Theo and Michelle adopted Adaline at birth, only to call Lifetime Adoption two years later asking how they could find another adoptive family for her. Their coordinator asked if Adaline had any special or medical needs and was advised that no, she did not. Did she have any behavioral needs? No, she was fine.
A bit confused, the coordinator finally asked why specifically they wished to find a new family for her. Michelle shared that Adaline was simply ruining their marriage.
Apparently, Theo and Michelle were struggling after dealing with years of fertility treatments. Turning to adoption they thought would be the answer to building their family and fixing the cracks that had started to appear in their marriage. However, as is often the case, a new baby only exacerbates relationship problems. Now they were at the point where they felt sure Adaline was the cause of their failing marriage. They believed that finding a new family for her would return them to where they were before they began pursuing a child.
We were working with several families who were ready to adopt Adaline and we presented profiles to Theo and Michelle so they could choose the new parents. They spoke to a few couples before deciding on one who lived a few states away. The four adults met along with Adaline, and over the course of a few days, the new family got the time with her to confirm that yes, they indeed wished to adopt. After another week of a transition plan, Theo and Michelle signed the adoption papers and Adaline went to her new home and family.
Theo and Michelle did share the change with Adaline’s birth mother after the adoption was complete. They included information and photos of her with her new parents, paving the way for the new family to continue the agreed upon updates.
Readoption after a domestic adoption is more uncommon than after international adoption, but it does happen. Parents cite several reasons for pursuing a new family for their child adopted domestically including:
- Health of a parent
- Death of a parent
- Unforeseen special needs of the child
- Relationship issues
- Failure to bond
- New marriage or relationship
With a change like this, often we see a greater chance of a positive outcome when the child is under three-years-old. The older the child is, the more the child’s own feelings and perceptions will come into play, often causing distorted thinking and trauma.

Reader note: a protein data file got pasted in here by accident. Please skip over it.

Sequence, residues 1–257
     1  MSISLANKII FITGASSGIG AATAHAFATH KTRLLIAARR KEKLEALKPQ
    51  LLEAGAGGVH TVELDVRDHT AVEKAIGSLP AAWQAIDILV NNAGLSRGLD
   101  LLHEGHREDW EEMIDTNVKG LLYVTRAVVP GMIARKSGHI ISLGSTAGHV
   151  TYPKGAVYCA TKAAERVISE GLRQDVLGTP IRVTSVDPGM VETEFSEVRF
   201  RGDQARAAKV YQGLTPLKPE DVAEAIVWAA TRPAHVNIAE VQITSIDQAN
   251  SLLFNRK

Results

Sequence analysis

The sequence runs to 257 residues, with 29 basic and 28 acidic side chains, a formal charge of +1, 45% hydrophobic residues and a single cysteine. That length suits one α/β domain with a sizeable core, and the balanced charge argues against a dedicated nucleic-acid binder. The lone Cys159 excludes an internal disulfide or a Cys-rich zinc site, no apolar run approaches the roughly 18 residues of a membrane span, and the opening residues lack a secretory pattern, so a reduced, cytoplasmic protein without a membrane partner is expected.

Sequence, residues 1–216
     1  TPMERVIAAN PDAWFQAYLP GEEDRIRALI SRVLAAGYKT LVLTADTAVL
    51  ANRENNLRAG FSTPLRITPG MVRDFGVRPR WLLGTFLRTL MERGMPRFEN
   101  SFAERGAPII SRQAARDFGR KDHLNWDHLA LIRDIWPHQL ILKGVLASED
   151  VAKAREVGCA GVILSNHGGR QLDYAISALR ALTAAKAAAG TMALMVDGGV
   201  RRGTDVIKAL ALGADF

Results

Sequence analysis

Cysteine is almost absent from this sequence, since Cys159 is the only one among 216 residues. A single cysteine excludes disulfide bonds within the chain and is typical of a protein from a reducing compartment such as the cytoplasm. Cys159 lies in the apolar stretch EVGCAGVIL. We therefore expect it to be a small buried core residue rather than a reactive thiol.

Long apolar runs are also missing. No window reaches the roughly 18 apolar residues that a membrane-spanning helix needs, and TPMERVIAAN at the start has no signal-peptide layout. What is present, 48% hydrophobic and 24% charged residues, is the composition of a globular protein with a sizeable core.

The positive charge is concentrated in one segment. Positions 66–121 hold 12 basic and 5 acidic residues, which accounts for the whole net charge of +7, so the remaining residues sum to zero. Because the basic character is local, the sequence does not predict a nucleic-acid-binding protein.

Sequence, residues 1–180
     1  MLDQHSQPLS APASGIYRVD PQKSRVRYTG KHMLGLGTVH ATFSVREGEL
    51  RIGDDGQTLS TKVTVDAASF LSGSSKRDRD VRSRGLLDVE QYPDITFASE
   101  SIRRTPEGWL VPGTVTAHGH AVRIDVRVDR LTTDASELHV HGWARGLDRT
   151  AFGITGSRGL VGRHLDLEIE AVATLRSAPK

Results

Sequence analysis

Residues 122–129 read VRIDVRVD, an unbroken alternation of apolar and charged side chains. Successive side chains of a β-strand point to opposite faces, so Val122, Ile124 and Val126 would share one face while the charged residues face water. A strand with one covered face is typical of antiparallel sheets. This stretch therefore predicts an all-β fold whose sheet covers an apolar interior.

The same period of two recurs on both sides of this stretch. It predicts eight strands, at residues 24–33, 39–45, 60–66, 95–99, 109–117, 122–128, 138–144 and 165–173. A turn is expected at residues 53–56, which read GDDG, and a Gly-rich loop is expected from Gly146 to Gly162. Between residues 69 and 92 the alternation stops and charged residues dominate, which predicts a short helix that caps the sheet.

Often, parents considering readoption or rehoming are concerned about being judged. In these situations, everyone, including the adoption agency, has to operate in what is in the best interest of the child. It takes a lot of courage to reach out and ask for help, especially after going through the adoption process in the first place. When everyone operates with the child’s best interest in mind, it ensures that whatever has brought the original adoptive parents to this place, the outcome will indeed be what is best for that little boy or girl.
One thing to consider in the case of readoption of a domestic adoption is the ongoing contact with birth parents. Often, domestic adoption includes some form of annual update or in person visits. The birth mother should be carefully informed of the change and the new adoptive family should commit to continuing the agreed upon post adoption contact.
It is important to also receive information about the child’s life including pictures and mementos so that the new family can honestly relate and preserve the child’s story inclusive of the time they were with the first family.
If you are considering a readoption for the child you adopted domestically, please reach out and discuss your options with a caring coordinator at Lifetime. You can learn about your options and the process, including resources that may be available to assist you in the meantime.
You can learn more about the readoption or rehoming process or call or text anytime.